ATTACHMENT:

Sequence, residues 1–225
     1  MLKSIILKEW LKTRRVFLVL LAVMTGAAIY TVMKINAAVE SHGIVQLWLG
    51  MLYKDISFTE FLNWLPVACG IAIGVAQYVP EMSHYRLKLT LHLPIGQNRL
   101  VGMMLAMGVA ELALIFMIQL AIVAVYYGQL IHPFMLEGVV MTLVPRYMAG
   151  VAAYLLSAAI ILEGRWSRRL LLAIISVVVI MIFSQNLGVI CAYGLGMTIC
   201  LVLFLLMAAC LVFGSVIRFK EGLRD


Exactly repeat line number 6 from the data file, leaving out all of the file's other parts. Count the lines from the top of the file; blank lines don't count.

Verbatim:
   201  LVLFLLMAAC LVFGSVIRFK EGLRD